COVID-19 has exacerbated the Achilles’ heel of our health care system: medical billing. Surprise charges abound in the wake of diagnostic testing, a problem President Trump is seeking to fix with a recent executive order that Republican lawmakers are endeavoring to codify, and a health care plan that puts transparency at the forefront of the conversation.
“By improving transparency, we can increase competition, empower patients, and ultimately lower health care costs. I’m glad to join my colleagues in support of this bill which is a critical step toward achieving these important goals,” Sen. Jon Ernst, Iowa Republican, one of 11 sponsoring the bill, said in a statement.
The legislation, titled “The Health Care PRICE Transparency Act,” would require hospitals and medical providers to advertise the cost of their services, as well as negotiated third-party rates, ahead of treatment. The issue has widespread support, especially among women and Democrats, yet liberal lawmakers are pushing back against the bill despite promises to the contrary.
On his campaign website, Democratic presidential nominee Joe Biden says, “Democrats believe that when Americans are in the hospital or an emergency room, they shouldn’t have to worry about whether their health care providers are in-network or not, which is why we will outlaw the predatory practice of surprise medical billing.”
At every turn, however, activist judges are challenging the president’s executive order on health care price transparency, and Democrats are failing to rally behind a would-be bipartisan bill that promises only to have an electoral upside for them. Why?
Instead, they’re doubling-down on Obamacare, a disaster that failed to deliver high-quality health care for the American people, leaving patients with limited choice and prices that makes care unaffordable. Under Obamacare, health care coverage costs have soared, making care less affordable for those who need it. Premiums on the individual market more than doubled from 2013 to 2017.
Meanwhile, liberals have been quiet publicly on health care price transparency even though there is no logical reason to be against a policy that will actually lower costs and protect Americans from price gouging
According to a recent survey by McLaughlin & Associates for Patient Rights Advocate, 88% of voters believe medical-service providers should be upfront about their costs, 82% of voters believe transparency will lead to lower costs and 66% of voters believe special-interest groups fighting Mr. Trump’s executive order should drop their lawsuits.
Sixty percent of voters believe price transparency should be passed without delay, and 78% of voters are more likely to support a Senate candidate who backed including health care transparency in the last COVID-19 relief package.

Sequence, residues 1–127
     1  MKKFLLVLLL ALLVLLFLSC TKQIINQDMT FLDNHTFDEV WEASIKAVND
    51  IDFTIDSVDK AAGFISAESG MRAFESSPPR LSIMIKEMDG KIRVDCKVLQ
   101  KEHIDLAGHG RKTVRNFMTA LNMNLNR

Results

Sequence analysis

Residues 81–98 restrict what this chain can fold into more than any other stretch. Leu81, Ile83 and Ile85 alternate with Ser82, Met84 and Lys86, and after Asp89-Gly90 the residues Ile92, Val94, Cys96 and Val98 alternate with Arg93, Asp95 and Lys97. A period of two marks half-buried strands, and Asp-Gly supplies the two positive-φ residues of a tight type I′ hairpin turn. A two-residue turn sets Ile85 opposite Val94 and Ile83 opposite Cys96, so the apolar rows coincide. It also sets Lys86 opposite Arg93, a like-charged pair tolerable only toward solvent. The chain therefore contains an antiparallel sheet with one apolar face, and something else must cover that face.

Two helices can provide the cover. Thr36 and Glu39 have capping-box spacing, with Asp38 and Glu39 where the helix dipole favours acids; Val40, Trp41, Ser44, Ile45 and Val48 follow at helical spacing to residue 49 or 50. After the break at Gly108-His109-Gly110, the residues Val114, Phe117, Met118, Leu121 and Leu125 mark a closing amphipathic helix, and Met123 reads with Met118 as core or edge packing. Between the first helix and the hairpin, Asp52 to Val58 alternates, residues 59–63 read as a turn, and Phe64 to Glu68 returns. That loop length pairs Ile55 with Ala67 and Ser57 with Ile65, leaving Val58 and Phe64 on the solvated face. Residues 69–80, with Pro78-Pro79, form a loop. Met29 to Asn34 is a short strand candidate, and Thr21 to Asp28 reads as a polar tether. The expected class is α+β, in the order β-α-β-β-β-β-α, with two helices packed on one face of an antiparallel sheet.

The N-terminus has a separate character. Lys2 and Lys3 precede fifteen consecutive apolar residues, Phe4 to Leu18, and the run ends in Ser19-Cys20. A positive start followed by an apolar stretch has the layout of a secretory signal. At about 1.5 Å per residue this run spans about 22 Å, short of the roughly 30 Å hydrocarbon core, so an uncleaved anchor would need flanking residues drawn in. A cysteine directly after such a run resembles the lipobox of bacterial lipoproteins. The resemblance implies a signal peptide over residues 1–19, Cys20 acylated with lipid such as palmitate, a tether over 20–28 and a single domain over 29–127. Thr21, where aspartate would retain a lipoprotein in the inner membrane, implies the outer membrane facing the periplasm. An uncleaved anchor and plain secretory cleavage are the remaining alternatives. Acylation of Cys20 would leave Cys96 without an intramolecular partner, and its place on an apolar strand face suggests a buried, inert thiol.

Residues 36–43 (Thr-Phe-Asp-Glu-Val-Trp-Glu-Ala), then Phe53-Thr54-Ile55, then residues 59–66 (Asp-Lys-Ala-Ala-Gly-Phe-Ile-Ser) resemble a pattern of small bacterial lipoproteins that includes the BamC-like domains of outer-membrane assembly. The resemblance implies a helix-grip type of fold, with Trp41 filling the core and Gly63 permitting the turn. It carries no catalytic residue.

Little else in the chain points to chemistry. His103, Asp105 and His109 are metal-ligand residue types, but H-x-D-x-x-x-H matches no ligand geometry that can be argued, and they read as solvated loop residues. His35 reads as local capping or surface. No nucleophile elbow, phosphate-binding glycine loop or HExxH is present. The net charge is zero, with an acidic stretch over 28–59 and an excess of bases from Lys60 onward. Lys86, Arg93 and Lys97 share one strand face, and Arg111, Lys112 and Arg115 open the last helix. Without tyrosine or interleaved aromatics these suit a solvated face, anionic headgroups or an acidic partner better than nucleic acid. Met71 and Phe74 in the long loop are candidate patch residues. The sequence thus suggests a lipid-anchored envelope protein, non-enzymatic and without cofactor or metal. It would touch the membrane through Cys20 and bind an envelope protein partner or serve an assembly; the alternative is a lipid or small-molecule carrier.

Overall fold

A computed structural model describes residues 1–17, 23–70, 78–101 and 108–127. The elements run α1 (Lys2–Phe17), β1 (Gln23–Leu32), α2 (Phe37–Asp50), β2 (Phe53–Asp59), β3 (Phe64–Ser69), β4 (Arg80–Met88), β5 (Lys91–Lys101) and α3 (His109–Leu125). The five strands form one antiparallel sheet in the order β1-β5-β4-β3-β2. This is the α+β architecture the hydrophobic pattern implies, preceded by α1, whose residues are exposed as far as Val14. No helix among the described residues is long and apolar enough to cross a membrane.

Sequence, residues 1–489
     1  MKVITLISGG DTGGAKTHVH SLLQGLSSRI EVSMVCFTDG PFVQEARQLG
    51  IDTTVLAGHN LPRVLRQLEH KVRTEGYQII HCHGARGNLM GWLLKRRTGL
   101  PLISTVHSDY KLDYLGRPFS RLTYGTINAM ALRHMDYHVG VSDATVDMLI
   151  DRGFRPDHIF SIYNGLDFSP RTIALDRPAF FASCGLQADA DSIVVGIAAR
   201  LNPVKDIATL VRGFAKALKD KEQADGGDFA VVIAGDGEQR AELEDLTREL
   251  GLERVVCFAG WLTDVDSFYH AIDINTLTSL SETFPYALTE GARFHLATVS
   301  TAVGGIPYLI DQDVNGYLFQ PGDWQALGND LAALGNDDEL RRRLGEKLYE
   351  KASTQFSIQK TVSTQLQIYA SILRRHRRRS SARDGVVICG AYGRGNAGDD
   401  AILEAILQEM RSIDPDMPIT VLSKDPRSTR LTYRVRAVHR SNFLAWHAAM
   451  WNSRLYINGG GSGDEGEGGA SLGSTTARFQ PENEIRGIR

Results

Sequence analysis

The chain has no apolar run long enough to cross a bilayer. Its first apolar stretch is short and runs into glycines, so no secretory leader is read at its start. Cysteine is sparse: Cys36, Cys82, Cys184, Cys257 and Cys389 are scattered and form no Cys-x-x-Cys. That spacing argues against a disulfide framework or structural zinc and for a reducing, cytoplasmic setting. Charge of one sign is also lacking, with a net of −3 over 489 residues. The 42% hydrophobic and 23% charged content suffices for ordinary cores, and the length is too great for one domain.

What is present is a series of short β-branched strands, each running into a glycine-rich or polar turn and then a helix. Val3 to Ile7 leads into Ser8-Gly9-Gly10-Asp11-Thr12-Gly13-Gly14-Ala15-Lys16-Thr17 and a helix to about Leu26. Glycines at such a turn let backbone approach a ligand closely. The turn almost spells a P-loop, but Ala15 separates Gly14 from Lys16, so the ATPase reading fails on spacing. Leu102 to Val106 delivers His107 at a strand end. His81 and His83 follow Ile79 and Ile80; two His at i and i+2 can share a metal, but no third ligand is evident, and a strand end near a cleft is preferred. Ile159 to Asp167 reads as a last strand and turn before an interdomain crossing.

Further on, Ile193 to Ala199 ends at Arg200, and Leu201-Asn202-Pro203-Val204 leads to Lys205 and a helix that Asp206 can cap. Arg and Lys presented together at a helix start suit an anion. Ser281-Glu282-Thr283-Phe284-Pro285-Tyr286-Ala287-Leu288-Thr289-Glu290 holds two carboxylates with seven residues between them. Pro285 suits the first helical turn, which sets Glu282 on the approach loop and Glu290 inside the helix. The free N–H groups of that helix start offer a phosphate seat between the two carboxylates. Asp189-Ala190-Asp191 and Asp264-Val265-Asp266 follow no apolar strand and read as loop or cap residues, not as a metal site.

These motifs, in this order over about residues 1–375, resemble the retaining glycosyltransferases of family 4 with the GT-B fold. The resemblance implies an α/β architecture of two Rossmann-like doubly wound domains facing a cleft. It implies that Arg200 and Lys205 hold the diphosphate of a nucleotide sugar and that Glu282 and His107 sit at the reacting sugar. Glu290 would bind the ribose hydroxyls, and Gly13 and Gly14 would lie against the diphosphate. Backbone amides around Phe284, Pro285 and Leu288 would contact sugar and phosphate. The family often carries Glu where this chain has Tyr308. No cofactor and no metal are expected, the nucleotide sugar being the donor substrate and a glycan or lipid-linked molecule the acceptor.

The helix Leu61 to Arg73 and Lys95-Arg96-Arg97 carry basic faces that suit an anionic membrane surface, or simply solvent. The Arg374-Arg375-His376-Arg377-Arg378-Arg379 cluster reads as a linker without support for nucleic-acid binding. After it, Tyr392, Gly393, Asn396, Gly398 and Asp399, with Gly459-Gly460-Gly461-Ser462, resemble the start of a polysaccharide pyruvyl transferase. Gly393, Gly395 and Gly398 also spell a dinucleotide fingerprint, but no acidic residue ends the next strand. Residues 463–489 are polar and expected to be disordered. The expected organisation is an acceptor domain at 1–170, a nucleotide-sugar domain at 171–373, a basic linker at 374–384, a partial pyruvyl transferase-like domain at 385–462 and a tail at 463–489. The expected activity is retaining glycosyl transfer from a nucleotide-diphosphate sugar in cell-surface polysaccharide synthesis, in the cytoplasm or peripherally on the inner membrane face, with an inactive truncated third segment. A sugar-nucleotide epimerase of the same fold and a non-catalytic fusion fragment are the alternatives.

Republicans, Democrats, women, and minorities, moreover, care deeply about this issue. A whopping 90% of Democrats, for example, believe all those involved in administering healthcare should disclose their prices; among Republicans, that number is 85%.
Ninety-eight percent of female voters under 40, furthermore, believe all those involved in medical pricing should disclose their costs, while an astonishing 95% of all voters under 40 believe the same. What’s more, 89% and 86% of Hispanic and African American voters, respectively, believe companies should publish in advance the cost of their medical services.
Even when patients are careful, there are serious problems with our current system. Parents are careful to make sure they go to an in-network hospital for the birth of their baby, only to later find, in some cases, that the labor-and-delivery doctor who performed an emergency C-section was out-of-network and, therefore, his services not entirely covered by insurance.
Take Leah Libresco Sargeant, a prolific cultural commentary writer, who, for example, received a series of surprise medical bills after complications arose during the birth of her daughter, Beatrice.
“I will believe health care is a market subject to consumer pressures when I’m quoted prices in advance and my bills don’t look like this,” she said, tweeting an image of a non-itemized bill totaling more than $106,000.
“Is my baby a beloved child of God and of infinite worth? Yes,” she added. “Is this bill ridiculous? Also, yes.” When people are unable to price their care in advance or plan for worse-case scenarios, those in life-threatening medical situations are exploited.
Women are acutely aware of this unfair reality and, if the recent Patient Rights Advocate survey is any indication, health care price transparency is a winning issue that appeals across the political divide and will only serve to bolster the popularity of those lawmakers who support it.
Republicans are fighting for the American people. Now it’s time for more Democrats to get aboard and go on the record in support of the executive order — and health care price transparency legislation, too.
• Jenny Beth Martin is president of Tea Party Patriots Citizens Fund.